VanderMeer installs Edgar Allan Poe darkness to the novel that resonates more with me than with Annihilation. Some would call it Lovecraftian. I, dear Reader, must confess my education in H.P Lovecraft’s horror is sorely lacking. This, I can admit with all the shame it deserves. Luckily, with such a silly pseudonym as Setera Silence, I can confidently showcase my flaws until I decide to switch to a real website that I actually pay to run and then my shame will be out for all the public to see. I’m a technological hypocrite like that. You should’ve seen me when I finally got texting. I should’ve been on a Verizon commercial due to the 180 I did.
Authority’s scares have a Babadook sense, very much out of sight out of mind until you’re forced to look into the shadows. Our ‘pop-up’ book is actually a walled tableau of creepy melding of man and animal. I won’t quote the scene, because who knows maybe you want to be surprised and I feel like it will ruin the effect if you read it out of context, but let’s just say it also involves a man (no, not an elf) on the shelf. Whet your appetite?
My boyfriend has a tendency to quote Alfred Hitchcock a la it’s what you don’t see that scares you, and in VanderMeer’s case it works. Fear, for me, works much better when it’s haunting. It makes me want to stay away from open windows when it’s dark out in case something might reach in and pull me through. That when you get up to get a drink of water at night and the house creaks, you stand still and listen hard for the creature moving in the dark to move again. We still have no idea what is happening inside Area X. We still do not know what is making the expeditions metaphorically explode and ultimately fail. What we do know is that the shadows are taller than damnation and a leviathan gray fear has risen from the ocean depths. What we do know is that the biologist isn’t the biologist. She’s something else.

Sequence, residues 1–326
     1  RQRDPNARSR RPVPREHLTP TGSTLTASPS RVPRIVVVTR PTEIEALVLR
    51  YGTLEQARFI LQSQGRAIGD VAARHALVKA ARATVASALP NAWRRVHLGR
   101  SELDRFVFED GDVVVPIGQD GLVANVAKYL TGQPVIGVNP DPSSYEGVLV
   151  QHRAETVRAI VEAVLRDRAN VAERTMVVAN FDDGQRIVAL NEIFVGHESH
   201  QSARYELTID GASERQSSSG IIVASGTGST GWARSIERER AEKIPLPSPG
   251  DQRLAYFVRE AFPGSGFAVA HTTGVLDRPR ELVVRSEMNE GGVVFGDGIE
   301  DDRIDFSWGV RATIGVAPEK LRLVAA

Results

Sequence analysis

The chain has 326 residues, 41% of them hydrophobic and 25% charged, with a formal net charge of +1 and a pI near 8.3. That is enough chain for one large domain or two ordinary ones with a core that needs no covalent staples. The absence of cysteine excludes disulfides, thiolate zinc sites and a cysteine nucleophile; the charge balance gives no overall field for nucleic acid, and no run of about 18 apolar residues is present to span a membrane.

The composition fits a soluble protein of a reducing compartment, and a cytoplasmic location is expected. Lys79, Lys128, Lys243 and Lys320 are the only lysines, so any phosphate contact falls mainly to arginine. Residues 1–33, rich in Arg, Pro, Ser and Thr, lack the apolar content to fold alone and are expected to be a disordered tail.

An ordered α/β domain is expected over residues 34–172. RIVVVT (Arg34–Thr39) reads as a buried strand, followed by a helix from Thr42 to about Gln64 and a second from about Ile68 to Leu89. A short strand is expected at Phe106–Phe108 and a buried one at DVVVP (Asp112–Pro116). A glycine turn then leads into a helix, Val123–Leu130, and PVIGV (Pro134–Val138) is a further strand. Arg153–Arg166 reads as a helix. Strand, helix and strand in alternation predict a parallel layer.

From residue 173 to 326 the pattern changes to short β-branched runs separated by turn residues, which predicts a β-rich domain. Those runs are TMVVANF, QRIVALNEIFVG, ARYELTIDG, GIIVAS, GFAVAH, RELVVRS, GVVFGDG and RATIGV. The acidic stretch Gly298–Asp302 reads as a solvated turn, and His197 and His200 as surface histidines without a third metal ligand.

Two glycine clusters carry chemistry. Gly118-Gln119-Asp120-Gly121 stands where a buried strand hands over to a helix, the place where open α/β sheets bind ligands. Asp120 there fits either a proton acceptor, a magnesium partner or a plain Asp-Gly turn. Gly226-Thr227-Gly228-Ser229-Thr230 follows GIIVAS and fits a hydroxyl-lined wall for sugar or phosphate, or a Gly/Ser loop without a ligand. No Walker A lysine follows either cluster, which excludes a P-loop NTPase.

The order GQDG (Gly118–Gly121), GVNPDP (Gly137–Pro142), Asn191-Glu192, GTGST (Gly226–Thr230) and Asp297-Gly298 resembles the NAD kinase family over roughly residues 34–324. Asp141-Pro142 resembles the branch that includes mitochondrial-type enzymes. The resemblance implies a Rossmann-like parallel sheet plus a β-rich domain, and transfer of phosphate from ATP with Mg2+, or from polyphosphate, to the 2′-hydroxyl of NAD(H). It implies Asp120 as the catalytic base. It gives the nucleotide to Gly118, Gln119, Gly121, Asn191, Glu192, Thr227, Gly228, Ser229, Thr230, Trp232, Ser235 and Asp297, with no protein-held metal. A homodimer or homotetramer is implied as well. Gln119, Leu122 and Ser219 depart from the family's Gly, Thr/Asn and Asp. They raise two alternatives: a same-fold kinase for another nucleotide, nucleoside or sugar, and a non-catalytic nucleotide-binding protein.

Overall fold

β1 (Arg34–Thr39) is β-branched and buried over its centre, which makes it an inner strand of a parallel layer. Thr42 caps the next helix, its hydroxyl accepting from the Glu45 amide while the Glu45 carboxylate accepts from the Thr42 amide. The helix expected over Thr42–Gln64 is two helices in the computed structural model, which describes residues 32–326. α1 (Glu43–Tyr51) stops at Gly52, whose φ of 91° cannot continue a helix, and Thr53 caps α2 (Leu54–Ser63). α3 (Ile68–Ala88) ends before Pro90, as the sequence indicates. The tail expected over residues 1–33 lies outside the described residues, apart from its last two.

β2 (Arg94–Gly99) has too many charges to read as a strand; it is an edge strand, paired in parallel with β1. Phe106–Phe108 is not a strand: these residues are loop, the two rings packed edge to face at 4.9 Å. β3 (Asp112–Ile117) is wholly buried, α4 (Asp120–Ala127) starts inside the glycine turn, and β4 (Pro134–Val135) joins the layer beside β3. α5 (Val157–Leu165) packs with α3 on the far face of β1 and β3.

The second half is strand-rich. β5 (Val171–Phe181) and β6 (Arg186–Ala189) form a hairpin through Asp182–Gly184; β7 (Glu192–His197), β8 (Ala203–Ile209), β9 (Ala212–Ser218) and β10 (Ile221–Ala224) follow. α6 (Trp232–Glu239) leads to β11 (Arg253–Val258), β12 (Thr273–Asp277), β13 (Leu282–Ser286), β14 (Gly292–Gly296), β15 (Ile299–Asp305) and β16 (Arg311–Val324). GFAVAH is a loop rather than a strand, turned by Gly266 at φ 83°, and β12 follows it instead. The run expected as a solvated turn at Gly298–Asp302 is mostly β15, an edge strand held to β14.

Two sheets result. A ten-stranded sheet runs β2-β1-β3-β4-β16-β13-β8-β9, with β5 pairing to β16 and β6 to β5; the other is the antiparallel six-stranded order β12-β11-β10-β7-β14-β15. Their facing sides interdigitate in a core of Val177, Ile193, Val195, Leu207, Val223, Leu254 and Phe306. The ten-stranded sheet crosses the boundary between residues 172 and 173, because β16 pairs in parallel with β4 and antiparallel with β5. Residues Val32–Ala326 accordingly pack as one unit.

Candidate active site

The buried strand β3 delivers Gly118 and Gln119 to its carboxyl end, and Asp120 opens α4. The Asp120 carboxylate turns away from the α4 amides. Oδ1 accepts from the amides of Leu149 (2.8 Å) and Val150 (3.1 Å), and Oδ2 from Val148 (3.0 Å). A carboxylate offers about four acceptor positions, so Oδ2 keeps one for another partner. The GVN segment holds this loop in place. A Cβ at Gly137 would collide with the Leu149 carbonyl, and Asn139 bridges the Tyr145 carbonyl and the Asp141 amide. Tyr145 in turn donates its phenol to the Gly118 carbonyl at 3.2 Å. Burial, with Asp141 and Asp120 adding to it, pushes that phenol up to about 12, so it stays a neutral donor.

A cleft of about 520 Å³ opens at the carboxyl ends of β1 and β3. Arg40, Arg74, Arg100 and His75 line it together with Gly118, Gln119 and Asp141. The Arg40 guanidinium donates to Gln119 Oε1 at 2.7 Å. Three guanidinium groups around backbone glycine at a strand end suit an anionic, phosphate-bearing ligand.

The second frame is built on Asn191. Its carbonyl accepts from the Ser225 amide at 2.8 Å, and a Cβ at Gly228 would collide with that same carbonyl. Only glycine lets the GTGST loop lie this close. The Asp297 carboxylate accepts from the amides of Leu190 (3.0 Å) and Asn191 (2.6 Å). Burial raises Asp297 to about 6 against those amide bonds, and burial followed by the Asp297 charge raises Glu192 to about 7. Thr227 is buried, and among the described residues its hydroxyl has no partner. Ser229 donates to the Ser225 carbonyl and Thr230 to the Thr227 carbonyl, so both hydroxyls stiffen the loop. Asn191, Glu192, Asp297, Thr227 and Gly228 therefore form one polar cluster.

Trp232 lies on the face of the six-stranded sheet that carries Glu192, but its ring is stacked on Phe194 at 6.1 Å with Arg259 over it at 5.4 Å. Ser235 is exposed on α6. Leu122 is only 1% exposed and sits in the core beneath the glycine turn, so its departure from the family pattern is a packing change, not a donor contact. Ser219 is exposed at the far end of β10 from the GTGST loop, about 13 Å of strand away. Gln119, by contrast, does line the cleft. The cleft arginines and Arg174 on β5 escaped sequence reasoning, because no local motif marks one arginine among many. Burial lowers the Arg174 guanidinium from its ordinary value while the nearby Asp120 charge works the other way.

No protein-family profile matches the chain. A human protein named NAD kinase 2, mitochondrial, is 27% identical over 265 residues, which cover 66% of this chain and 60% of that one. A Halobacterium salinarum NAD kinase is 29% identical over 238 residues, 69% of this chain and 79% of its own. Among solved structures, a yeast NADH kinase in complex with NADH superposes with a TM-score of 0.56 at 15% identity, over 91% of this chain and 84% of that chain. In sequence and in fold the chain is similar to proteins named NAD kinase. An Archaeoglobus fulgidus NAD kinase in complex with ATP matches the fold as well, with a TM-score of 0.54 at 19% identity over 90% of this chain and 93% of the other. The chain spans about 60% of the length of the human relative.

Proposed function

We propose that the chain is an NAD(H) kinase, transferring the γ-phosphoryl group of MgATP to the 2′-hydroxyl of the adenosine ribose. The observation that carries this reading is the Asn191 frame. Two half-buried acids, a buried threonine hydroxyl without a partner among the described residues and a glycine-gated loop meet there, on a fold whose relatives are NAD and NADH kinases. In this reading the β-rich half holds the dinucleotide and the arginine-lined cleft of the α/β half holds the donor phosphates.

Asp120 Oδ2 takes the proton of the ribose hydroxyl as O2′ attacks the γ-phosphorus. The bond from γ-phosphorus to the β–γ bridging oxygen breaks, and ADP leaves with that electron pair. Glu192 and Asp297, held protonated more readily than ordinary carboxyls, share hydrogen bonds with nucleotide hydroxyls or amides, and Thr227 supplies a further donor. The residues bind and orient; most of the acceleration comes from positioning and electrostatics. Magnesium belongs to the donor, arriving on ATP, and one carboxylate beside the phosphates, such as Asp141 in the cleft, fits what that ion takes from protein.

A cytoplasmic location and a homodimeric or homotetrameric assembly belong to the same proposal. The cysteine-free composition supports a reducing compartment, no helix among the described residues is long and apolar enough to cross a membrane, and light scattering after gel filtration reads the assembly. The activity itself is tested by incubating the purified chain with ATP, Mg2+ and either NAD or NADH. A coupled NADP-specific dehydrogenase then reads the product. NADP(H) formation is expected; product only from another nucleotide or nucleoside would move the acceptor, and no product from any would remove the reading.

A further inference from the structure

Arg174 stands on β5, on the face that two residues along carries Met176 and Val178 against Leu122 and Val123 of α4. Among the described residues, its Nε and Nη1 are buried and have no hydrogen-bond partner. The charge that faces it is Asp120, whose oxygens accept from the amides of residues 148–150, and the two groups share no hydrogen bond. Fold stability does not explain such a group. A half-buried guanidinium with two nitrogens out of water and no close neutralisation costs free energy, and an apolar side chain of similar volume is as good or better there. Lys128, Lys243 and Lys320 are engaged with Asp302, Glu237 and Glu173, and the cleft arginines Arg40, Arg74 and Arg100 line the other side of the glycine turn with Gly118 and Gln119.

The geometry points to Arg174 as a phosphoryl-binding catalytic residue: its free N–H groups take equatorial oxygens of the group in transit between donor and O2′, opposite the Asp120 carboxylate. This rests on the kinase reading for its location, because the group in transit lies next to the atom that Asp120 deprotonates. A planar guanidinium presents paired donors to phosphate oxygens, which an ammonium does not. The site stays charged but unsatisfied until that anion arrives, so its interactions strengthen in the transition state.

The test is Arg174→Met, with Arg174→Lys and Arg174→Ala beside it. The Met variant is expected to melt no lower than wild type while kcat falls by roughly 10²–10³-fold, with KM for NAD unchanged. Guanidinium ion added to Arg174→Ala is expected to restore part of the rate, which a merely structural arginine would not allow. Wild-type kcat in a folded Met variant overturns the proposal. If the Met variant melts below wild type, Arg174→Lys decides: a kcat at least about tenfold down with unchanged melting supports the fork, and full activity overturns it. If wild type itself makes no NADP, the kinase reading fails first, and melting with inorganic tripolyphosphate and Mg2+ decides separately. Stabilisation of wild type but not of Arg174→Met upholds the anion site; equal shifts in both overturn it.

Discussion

Still, Authority transitions between being a horror movie to delving into the mystical. When the border does move, it brings an unpleasant visitor, which, in my imagination, was more of a magical experience than a terror-inducing one. Diving into the relocated entrance of Area X reminded me of mermaids, which I enjoyed, but it didn’t scare me. In all honesty, Authority should be binged. You’re able to sort through all the details of the character’s life and still be entrenched in the eeriness happening at the Southern Reach without having to be pulled out to make dinner or go to work, or I don’t know, actually live your life. Believe me, coming back to it can sometimes be hard after you’ve been pulled out.
I’m on to the third Southern Reach book, Acceptance. I hope we get some resolution to all the spooky mysteries.
Finished my third novel (yay!) and am starting the editing process. And then the agent process. And then most likely the self-publish process. And then the kickstarter process because there ain’t no way I’m putting those words out there that aren’t edited by a professional and that shit is spendy.
Marilyn Manson’s Pale Emperor. I’m in love with three songs on the album and have been playing them nonstop for a good day and a half now. I’m not a natural Marilyn Manson fan, but something about the cover spoke to me and now it won’t stop speaking to me. Ah well. Music is life.